The Canadian Prime Minister Justin Trudeau said Monday that Canada would not do business with a company that is busy trying to sue them.
Trudeau said that Boeing can forget about selling fighter jets to Canada as long as its trade complaint is ongoing against Bombardier. It makes no sense to buy from a company which will put tens of thousands of Canadian aerospace workers out of business, Trudeau said Monday during a press conference in Ottawa with British Prime Minister Theresa May.
Theresa May said that she will raise the issue of Boeing’s trade complaint against Bombardier with US president Donald Trump later this week when she meets him.
Boeing complained in April to the US Department of Commerce that Bombardier's C Series planes were unfairly subsidized by the Canadian and Quebec governments. Last year, Bombardier sold 75 109-seat CS100 planes to Delta Air Lines at a cut-rate cost, which led to Boeing's accusation of predatory pricing.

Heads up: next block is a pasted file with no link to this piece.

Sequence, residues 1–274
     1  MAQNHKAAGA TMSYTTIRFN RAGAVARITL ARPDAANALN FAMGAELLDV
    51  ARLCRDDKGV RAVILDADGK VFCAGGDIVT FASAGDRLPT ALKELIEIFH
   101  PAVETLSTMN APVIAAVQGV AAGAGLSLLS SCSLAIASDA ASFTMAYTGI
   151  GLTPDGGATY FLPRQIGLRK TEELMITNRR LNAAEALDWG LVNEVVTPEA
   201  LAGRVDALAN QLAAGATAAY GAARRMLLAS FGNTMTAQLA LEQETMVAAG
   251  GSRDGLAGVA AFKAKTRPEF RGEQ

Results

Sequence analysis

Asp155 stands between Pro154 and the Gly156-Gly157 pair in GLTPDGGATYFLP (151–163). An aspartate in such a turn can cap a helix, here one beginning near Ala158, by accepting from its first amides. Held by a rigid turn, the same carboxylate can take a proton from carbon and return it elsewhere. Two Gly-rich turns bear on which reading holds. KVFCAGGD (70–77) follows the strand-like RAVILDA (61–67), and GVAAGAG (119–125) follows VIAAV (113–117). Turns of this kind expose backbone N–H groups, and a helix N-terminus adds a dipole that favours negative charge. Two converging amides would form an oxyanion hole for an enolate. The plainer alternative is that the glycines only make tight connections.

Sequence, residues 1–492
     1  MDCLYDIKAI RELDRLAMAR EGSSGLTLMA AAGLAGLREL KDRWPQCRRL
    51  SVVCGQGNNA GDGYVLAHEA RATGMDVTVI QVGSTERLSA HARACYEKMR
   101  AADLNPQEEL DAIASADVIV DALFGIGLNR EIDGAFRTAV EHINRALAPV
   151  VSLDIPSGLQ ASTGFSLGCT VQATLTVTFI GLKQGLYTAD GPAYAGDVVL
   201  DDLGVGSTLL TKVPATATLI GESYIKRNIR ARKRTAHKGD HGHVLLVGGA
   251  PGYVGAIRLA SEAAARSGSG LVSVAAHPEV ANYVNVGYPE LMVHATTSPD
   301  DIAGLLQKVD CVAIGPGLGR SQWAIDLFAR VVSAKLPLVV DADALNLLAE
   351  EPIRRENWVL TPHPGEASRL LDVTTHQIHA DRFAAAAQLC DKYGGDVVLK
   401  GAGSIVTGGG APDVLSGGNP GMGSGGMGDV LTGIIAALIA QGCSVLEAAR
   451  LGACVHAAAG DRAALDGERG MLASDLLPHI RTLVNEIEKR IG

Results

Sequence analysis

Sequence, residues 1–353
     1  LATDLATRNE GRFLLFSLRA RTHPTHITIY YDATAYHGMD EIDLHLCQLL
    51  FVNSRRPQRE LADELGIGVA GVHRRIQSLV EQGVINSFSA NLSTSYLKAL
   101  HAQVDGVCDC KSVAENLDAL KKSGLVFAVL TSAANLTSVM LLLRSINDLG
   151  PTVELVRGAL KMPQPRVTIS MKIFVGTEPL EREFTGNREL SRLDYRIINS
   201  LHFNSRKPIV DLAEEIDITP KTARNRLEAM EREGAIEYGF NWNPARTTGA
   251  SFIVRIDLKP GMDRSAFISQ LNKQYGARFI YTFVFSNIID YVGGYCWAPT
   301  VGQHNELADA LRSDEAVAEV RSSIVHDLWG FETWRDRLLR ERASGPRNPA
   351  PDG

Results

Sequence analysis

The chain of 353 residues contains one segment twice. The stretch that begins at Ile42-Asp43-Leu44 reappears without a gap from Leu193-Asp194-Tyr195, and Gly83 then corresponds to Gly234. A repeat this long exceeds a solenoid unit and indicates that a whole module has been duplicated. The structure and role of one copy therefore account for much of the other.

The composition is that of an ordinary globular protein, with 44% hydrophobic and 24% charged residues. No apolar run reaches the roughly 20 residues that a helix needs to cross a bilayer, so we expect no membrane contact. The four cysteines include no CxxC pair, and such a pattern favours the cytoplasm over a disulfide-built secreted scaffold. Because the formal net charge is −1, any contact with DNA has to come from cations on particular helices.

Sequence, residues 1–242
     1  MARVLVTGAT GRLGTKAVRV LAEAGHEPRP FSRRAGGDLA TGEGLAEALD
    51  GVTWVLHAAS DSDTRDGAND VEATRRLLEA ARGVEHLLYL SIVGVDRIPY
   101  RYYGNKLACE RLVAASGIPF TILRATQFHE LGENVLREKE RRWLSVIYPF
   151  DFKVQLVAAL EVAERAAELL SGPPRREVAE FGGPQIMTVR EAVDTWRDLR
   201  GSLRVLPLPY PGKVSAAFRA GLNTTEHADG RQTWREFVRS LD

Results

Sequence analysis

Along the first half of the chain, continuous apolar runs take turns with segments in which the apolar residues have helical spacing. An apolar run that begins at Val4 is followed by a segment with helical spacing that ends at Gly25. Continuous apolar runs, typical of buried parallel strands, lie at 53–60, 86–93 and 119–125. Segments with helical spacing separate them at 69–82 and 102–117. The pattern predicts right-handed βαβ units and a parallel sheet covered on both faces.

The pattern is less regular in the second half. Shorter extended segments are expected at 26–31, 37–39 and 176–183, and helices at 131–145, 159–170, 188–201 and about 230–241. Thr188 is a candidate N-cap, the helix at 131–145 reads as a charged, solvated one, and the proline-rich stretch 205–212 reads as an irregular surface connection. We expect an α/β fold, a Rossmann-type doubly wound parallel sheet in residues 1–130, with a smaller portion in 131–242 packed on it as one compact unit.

"We recognize the Canadian government might be upset with us. We don't intend to upset anybody, but we plainly have to do what we believe is right," Boeing International president Marc Allen was quoted by the news daily as saying.
Boeing, on Monday, even offered to spend $18 billion in Canadian aerospace industry over the next decade if the contract is awarded.
The Canadian government however, is looking at buying second-hand fighter jets from Australia instead of buying a new fleet of 18 Super Hornets from Boeing.
A Canadian delegation was in Australia last month to see if the second-hand F/A-18 fighters placed on the market could fit Ottawa’s needs for interim fleet.